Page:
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SUPREME COURT DOCKET REPORT

Mayer Brown's Supreme Court and Appellate Practice Group distributes a Docket Report whenever the Supreme Court grants certiorari in a case of interest to the business community. We also email the Docket Report to our subscribed members and if you don't already subscribe to the Docket Report and would like to, please click here.

October Term 2009 - April 26, 2010

Today the Supreme Court granted certiorari in one case of interest to the business community:


First Amendment—Restrictions on Sales of Violent Materials to Minors

The Supreme Court has long held that states can restrict the distribution of otherwise-protected sexual expression to minors without offending the First Amendment. Today the Court granted certiorari in Schwarzennegger v. Entertainment Merchants Association, No. 08-1448, to decide whether states can also permissibly restrict the distribution of violent material to minors, and to clarify the level of scrutiny courts must apply to such restrictions.

In 2005, California passed a law prohibiting the sale or rental of “violent video games” to minors, defining such a game as one that depicts “killing, maiming, dismembering, or sexually assaulting an image of a human being” in a manner offensive to prevailing community standards. Cal. Civ. Code §§ 1746-1746.5. The California Legislature passed the act after considering a range of studies suggesting a link between such games and anti-social behavior in those who play them. In response to a facial challenge by industry groups, the district court enjoined enforcement of the legislation. Although the district court recognized that the Supreme Court had articulated a deferential standard of review for restrictions on distribution of sexual materials to minors in Ginsberg v. New York, 390 U.S. 629 (1968), it concluded that such deference did not apply to violent materials. The district court thus applied strict scrutiny to the restriction, and found that California had not established a sufficient causal nexus between the violent video games and the protection of minors. The Ninth Circuit affirmed, rejecting an extension of Ginsberg to cover violent materials, and holding that to demonstrate the restrictions served the compelling state interest of protecting the psychological well-being of minors, California would need to offer evidence that the games actually cause psychological harm, not merely evidence of correlation between the games and aggression.

California petitioned for certiorari, contending that restrictions on the distribution of violent content to minors should be subject to the same deferential scrutiny extended to restrictions on sexual content under Ginsberg. In the alternative, California argues that states should be able to satisfy the demands of strict scrutiny with evidence short of a direct causal link between the regulated material and the compelling state interest at stake in areas where complete empirical support for such a link is inherently unlikely to be available.

This case is of great interest to any entity involved in the production or distribution of expressive content protected under the First Amendment. In deciding this case, the Supreme Court will likely clarify what types of expression can be restricted from distribution to minors without implicating First Amendment concerns. The Court may also clarify the nature of the burden states must meet to satisfy the application of strict scrutiny if they seek to regulate protected expression.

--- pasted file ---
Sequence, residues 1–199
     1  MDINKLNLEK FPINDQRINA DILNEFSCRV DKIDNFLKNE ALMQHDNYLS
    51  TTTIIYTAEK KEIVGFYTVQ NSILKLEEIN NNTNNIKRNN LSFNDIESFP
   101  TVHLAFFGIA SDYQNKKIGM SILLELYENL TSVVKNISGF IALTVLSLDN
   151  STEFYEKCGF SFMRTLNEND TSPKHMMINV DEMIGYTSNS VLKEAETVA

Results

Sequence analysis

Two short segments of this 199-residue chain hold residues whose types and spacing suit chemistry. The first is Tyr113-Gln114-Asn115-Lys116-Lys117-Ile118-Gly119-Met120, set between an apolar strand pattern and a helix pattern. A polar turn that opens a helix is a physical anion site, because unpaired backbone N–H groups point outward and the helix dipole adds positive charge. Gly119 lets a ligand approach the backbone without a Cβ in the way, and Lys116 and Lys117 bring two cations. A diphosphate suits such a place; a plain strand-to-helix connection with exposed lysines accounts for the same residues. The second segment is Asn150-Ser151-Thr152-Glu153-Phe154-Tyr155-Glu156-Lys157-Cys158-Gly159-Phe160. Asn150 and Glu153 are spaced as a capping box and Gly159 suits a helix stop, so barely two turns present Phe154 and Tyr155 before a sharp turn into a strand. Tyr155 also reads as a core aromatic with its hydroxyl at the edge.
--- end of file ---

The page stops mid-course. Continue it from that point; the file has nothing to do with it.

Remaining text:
Absent extensions, which are likely, amicus briefs in support of the petitioners will be due on June 17, 2010, and amicus briefs in support of the respondents will be due on July 19, 2010. Any questions about this case should be directed to Andrew Tauber (+1 202 263 3324) in our Washington, D.C. office.


Mayer Brown's Supreme Court & Appellate practice distributes a Docket Report whenever the Supreme Court grants certiorari in a case of interest to the business community and distributes a Docket Report-Decision Alert whenever the Court decides such a case. We hope you find the Docket Reports and Decision Alerts useful, and welcome feedback on them (which should be addressed to Andrew Tauber, their general editor, at atauber@mayerbrown.com or +1 202 263 3324).

Feel free to forward this message to anyone who you believe might be interested in the Docket Report.

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Mayer Brown's Supreme Court & Appellate practice distributes a Docket Report whenever the Supreme Court grants certiorari in a case of interest to the business community and distributes a Docket Report-Decision Alert whenever the Court decides such a case. We hope you find the Docket Reports and Decision Alerts useful, and welcome feedback on them (which should be addressed to Andrew Tauber, their general editor, at atauber@mayerbrown.com or +1 202 263 3324).

Mayer Brown Supreme Court Docket Reports provide information and comments on legal issues and developments of interest to our clients and friends. They are not a comprehensive treatment of the subject matter covered and are not intended to provide legal advice. Readers should seek specific legal advice before taking any action with respect to the matters discussed. 



 
 
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